Work should be fun. Your passion will help you overcome difficult moments and persuade people to work for you and want to do business with you. Passion can’t be taught. When it wanes, as it surely will in difficult times, take some quiet time. Whether it be an hour or a week, take inventory of all the reasons you started the business and why you like being your own boss. That should renew your passion.
  2. Set an example of trustworthiness.
    People have confidence in trustworthy individuals and want to work for them in a culture of integrity. The same is true for customers.
  3. Be flexible, except with core values.
    It’s a given that your plans and strategies will change as time goes on. This flexibility for rapid change is an inherent advantage of small over large business. However, no matter the pressure for immediate profits, do not compromise on core values.
  4. Don’t let fear of failure hold you back.
    Failure is an opportunity to learn. All things being equal, venture capitalists would rather invest money in an individual who tried and failed founding a company than in someone who never tried.
  5. Make timely decisions.
    It’s okay to use your intuition. Planning and thought are good. But procrastination leads to missed opportunity.
  6. The major company asset is you.
    Take care of yourself. Your health is more valuable than the most expensive machinery or computer software for the company. You don’t have to choose between your family or your company, play or work. Maintain your health for balance and energy, which will, in turn, enhance your mental outlook.
  7. Keep your ego under control.
    Don’t take profits and spend them on expensive toys to impress others. Build a war chest for unexpected needs or opportunities. This also means hearing out new ideas and suggestions no matter how crazy they sound.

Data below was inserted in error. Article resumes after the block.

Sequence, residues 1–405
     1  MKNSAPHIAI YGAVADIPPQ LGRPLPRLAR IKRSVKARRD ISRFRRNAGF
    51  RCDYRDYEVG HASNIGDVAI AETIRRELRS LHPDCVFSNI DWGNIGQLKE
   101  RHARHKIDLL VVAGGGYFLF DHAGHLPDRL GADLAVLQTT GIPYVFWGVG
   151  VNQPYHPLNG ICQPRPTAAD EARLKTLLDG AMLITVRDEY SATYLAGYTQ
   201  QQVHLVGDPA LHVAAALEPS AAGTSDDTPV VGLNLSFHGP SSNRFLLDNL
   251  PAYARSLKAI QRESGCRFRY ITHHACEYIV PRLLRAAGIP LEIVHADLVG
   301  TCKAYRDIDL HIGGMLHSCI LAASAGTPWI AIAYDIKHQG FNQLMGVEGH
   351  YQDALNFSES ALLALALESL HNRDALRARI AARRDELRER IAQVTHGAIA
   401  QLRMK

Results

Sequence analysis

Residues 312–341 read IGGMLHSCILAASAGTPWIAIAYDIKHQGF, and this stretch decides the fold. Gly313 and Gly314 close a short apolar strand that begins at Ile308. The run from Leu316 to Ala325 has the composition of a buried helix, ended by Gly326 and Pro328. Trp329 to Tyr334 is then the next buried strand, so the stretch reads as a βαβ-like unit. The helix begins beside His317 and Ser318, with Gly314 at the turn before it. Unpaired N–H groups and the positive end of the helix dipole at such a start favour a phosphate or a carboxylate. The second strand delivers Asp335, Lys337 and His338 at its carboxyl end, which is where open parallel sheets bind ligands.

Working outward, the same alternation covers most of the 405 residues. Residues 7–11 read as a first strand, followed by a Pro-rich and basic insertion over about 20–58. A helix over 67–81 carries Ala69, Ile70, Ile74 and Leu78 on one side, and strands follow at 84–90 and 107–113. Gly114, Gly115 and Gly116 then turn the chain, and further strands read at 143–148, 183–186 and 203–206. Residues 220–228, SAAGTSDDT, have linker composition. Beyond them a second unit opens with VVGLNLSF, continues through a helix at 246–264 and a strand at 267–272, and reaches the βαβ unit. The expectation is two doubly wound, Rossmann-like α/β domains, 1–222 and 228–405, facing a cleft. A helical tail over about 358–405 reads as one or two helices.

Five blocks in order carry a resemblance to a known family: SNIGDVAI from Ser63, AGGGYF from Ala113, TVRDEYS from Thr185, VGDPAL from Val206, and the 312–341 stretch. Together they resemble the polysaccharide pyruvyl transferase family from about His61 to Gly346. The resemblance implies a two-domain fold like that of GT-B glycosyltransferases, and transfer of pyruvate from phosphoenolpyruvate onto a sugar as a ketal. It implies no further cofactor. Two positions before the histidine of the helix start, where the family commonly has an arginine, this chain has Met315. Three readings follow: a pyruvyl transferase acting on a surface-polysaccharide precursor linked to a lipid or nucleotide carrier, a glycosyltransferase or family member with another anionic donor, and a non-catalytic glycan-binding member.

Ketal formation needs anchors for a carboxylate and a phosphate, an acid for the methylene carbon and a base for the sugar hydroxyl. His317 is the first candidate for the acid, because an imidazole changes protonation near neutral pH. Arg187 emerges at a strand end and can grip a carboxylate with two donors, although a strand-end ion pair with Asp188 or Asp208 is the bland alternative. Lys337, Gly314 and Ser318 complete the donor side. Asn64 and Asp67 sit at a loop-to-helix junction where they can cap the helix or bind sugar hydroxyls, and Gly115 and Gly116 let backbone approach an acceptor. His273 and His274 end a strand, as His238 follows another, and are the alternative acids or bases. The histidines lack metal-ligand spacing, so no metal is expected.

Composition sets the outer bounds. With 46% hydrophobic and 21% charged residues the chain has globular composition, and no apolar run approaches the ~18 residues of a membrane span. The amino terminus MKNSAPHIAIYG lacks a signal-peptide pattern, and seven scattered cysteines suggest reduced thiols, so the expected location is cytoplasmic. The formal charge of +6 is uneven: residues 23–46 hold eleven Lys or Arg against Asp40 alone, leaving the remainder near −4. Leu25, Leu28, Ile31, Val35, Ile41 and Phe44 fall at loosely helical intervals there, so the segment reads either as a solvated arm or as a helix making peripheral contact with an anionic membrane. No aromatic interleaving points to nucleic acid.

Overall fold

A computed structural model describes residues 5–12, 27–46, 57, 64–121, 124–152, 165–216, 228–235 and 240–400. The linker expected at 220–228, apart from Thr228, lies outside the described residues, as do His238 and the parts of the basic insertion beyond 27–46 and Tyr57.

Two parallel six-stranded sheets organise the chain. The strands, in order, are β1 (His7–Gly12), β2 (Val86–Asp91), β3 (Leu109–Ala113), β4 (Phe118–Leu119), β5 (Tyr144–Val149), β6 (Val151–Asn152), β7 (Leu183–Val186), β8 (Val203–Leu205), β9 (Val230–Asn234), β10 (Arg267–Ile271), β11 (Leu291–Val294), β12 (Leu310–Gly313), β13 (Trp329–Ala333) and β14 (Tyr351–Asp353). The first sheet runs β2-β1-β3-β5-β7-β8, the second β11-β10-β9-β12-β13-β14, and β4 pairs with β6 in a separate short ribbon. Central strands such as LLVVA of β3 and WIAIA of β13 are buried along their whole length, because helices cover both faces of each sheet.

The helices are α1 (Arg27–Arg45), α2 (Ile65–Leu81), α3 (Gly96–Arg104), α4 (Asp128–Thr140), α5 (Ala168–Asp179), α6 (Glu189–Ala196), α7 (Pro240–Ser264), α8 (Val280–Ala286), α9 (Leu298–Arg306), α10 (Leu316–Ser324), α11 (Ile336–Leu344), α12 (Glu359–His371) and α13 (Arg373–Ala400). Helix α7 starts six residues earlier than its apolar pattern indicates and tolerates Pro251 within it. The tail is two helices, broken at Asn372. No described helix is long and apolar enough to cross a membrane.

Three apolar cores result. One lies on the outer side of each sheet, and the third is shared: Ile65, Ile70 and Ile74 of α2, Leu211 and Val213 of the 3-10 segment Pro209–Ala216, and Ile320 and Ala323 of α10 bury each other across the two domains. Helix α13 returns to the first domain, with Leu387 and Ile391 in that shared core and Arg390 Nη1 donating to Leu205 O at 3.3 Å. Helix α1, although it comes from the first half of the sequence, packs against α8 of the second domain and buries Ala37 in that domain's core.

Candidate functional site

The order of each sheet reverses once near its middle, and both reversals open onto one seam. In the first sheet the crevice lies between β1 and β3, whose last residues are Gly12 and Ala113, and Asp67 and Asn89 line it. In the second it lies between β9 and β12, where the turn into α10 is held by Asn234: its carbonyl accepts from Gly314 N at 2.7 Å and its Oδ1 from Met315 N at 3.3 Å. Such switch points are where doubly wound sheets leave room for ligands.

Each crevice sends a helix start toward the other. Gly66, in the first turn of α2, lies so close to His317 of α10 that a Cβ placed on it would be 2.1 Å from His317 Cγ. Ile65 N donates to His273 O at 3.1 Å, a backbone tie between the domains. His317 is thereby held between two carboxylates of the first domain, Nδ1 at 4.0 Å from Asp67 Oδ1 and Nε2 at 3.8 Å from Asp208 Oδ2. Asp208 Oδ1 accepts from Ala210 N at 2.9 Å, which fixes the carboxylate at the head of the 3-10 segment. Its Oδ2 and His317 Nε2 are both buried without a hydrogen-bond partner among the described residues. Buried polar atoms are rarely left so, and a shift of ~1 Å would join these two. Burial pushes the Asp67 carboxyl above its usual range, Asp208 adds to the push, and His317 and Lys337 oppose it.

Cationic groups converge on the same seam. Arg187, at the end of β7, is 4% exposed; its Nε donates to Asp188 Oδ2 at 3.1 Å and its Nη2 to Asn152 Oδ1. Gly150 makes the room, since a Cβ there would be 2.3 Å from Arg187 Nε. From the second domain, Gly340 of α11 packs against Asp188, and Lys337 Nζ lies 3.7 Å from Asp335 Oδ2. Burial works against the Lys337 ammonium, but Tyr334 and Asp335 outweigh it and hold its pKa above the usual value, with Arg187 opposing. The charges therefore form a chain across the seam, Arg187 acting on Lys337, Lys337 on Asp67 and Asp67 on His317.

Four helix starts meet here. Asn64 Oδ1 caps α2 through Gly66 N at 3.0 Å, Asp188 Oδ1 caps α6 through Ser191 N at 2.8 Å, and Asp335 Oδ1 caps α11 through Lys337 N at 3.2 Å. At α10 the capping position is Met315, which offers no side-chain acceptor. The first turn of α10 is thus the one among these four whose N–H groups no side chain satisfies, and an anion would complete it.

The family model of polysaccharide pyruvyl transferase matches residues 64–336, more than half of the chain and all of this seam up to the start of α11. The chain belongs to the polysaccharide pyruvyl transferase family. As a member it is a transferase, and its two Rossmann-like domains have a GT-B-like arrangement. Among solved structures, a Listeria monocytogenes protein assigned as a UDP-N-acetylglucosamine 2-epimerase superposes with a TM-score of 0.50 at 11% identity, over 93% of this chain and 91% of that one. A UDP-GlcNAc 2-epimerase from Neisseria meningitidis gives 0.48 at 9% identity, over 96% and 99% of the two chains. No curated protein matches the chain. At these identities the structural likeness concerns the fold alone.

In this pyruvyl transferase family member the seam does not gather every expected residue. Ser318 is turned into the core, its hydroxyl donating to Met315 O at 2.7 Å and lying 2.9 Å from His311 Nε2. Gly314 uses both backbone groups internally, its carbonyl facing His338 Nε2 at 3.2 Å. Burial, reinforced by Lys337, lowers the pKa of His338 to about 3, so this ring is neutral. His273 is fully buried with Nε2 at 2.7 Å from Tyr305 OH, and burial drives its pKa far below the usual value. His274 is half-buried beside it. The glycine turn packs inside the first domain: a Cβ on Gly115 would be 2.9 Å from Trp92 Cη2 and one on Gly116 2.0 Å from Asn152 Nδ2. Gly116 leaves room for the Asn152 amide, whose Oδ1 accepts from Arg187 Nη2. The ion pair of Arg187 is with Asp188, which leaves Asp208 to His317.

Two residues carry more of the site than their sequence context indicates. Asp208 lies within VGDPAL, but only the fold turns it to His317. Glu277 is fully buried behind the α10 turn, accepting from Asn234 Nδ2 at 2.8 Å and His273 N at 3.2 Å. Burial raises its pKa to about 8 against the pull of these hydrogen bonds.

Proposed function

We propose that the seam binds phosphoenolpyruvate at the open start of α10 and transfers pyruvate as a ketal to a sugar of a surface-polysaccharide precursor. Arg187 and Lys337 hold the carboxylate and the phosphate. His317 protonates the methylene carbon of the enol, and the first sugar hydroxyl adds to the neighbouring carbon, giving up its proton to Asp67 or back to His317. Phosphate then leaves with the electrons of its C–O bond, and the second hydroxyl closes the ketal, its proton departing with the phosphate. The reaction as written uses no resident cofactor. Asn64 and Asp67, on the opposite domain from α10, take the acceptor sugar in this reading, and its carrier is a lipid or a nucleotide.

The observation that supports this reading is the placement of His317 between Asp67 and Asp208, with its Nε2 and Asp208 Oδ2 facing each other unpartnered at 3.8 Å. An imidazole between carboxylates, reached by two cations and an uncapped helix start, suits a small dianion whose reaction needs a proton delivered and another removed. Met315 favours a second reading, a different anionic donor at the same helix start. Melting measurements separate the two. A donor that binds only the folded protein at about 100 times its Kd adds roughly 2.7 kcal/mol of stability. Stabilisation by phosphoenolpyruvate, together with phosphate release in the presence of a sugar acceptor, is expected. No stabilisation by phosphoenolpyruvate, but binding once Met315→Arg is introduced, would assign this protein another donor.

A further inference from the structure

8. Believe.
    You need to believe in yourself, in your company, and that you will be successful. This confidence is contagious with your employees, customers, stakeholders, suppliers and everyone you deal with.
  9. Encourage and accept criticism graciously. Admit your mistakes.
    You need to constantly work on convincing your employees that it’s okay–even necessary–to state their honest opinions even it if conflicts with the boss’s opinion. Just stating it once or putting it in a mission statement won’t cut it for most people.
  10. Maintain a strong work ethic.
    Your employees will follow your lead. It will also help you beat your competition by outworking them, particularly when your product or service is very similar.
  11. Rebound quickly from setbacks.
    There surely will be plenty of ups and downs as you build the business. Learn from the setbacks and move on. You can’t change the past.
  12. Periodically get out of your comfort zone to pursue something important.
    Many times you will feel uncomfortable in implementing a needed change in technology, people, mission, competing, etc. For the company and you to grow personally, you sometimes have to step out of your comfort zone.

Many organizational and leadership shortcomings can be overcome or mitigated with the good attitudes described above. All can be learned except passion, which comes from within. Take time out of your hectic schedule to periodically reflect on these attributes. You may be inspired to act.